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The Nigerian Senate Finally Passes The ‘Not Too Young To Run’ Bill

The Nigerian Senate Finally Passes The ‘Not Too Young To Run’ Bill

by | 28th July 2017

 

The 2019 elections just got (potentially) a little more exciting. After many protests and rallies, the ‘Not Too Young To Run’ campaign, an open campaign sponsored by a coalition youth advocacy groups to reduce the required age for elective offices in the country, got its first victory.

 

 

Yesterday, the senate voted to pass a bill, nicknamed the ‘Not Too Young To Run’ bill, to lower the age limit for contesting for elections in Nigeria. The bill reduces the age limit for candidates for president from 40 to 35 and, for governorship positions, from 35 to 30.

 

 

The bill also stipulates that 25-year-old people, can now legislate in the National and State Assemblies across the country. After an electronic vote, 86 Senators showed their support, while 10 were against it (give us their names!). One lawmaker abstained (NAMES!).

 

 

 

This vote is particularly important because the population dynamics are shifting. Half of the global population is under 30, and yet 73% of countries (including Nigeria) restrict young people from running for office, even though they can vote. And while Nigeria has a median age of 18, at 53, Goodluck Jonathan was Nigeria’s youngest president at time of taking office since democratic rule started in 1999.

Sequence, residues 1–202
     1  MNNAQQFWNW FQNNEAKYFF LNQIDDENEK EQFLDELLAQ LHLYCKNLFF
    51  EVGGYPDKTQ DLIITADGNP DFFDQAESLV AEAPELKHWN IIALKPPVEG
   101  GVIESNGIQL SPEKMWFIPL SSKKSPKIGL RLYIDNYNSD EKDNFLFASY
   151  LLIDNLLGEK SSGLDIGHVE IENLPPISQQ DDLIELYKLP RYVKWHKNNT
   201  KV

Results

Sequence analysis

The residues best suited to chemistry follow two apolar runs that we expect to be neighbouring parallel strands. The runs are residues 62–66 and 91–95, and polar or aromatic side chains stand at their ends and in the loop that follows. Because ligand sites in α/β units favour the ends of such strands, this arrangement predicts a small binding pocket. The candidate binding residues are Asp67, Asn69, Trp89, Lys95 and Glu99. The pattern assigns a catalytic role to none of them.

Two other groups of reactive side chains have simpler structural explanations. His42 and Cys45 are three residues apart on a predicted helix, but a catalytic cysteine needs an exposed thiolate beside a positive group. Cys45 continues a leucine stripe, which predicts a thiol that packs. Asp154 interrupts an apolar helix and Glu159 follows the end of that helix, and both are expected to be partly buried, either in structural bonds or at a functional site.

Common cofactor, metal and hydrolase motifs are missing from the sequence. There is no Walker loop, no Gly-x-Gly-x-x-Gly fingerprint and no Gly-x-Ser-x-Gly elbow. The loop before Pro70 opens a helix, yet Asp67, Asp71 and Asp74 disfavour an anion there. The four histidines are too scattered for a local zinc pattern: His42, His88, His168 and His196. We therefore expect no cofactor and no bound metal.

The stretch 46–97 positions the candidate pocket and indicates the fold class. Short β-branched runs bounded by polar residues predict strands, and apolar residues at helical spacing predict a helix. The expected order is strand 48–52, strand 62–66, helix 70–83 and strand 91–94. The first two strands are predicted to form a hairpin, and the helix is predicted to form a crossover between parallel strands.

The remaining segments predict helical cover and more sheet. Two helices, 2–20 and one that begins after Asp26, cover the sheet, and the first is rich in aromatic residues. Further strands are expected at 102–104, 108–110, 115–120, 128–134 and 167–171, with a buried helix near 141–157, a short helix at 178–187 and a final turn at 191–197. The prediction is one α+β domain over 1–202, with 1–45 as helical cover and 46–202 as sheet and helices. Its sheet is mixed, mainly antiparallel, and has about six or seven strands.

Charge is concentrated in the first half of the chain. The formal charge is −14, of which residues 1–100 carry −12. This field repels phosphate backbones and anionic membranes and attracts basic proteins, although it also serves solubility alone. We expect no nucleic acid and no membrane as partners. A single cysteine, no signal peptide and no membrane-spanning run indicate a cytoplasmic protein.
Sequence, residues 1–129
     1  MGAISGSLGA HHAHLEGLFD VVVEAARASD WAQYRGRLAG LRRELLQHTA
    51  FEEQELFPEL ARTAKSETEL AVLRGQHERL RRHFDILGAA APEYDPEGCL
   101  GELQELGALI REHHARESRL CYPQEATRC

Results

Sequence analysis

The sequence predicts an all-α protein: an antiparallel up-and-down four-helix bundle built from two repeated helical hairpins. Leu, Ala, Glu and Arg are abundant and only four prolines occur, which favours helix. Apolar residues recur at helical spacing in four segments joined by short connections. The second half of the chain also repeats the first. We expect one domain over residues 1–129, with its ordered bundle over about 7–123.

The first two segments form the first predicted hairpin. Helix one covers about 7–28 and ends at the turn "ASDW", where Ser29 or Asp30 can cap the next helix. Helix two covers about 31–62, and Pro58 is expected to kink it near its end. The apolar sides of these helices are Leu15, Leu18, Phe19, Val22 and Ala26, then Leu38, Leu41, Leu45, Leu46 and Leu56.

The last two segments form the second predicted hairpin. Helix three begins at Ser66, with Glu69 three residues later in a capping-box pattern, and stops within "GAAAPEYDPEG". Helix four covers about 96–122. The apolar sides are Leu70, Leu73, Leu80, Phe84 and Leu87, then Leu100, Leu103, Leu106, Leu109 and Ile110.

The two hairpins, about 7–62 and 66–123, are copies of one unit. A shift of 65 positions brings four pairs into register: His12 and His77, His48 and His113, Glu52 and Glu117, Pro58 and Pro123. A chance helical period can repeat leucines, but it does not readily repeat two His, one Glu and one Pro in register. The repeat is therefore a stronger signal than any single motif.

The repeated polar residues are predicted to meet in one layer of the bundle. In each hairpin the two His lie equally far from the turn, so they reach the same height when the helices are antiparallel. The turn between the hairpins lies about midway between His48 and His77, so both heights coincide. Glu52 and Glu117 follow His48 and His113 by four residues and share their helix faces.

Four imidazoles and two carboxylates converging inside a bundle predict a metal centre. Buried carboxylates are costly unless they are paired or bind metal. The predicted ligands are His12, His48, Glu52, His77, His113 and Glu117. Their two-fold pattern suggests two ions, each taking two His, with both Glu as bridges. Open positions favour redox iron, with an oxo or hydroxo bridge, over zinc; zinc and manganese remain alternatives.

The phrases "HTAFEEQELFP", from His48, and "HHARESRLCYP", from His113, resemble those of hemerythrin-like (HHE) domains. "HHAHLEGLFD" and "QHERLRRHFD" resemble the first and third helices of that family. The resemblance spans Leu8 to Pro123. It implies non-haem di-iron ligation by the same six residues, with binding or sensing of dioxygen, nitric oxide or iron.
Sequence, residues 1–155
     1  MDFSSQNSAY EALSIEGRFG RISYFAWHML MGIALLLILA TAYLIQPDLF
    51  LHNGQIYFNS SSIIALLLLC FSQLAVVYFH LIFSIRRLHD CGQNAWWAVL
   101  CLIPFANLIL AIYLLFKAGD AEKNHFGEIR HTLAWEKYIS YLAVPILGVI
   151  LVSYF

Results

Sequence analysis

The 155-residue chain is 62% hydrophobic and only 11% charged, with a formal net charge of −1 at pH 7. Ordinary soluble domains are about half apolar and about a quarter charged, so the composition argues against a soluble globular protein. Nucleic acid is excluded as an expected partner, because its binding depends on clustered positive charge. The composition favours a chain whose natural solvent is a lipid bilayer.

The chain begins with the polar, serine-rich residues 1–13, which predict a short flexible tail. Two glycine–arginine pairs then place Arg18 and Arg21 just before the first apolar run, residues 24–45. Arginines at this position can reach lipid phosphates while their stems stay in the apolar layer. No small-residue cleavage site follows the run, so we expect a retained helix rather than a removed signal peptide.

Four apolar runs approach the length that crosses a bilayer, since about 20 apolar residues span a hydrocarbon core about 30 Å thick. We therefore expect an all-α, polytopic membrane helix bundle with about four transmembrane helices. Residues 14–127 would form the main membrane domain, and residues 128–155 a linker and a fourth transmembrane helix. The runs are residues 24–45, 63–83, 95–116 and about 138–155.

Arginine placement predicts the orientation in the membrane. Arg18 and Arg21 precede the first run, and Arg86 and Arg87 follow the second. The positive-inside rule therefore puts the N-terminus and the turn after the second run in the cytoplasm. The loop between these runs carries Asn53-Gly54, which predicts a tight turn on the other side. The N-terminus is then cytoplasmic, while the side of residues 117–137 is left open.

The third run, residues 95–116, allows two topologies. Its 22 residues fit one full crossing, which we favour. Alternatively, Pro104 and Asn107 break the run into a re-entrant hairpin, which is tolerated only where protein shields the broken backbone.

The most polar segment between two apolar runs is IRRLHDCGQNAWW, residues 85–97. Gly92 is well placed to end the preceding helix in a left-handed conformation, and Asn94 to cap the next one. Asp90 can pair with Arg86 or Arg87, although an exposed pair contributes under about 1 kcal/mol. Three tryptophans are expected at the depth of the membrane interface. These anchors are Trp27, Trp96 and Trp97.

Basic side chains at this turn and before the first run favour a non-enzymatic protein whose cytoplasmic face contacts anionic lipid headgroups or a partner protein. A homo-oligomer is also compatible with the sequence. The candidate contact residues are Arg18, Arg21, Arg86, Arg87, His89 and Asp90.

The current situation around 74-year-old President Buhari’s health status also serves as a reminder of the downsides of electing older presidents, and probably raises the need for a ‘Too Old To Run’ bill. Nigeria retires its civil servants at 60 and judges at 65, but for some reason we do not draw the line at electing geriatrics into office. That makes no logical sense.

 

 

The Senate also voted to allow independent candidates to run for office, nullifying the compulsory need for political parties. But to take effect, the ‘Not Too Young To Run’ bill and all its addendums still require endorsement by 24 of Nigeria’s 35 state assemblies as well as the president’s assent. And honestly, that could go either way, so let’s keep our fingers crossed.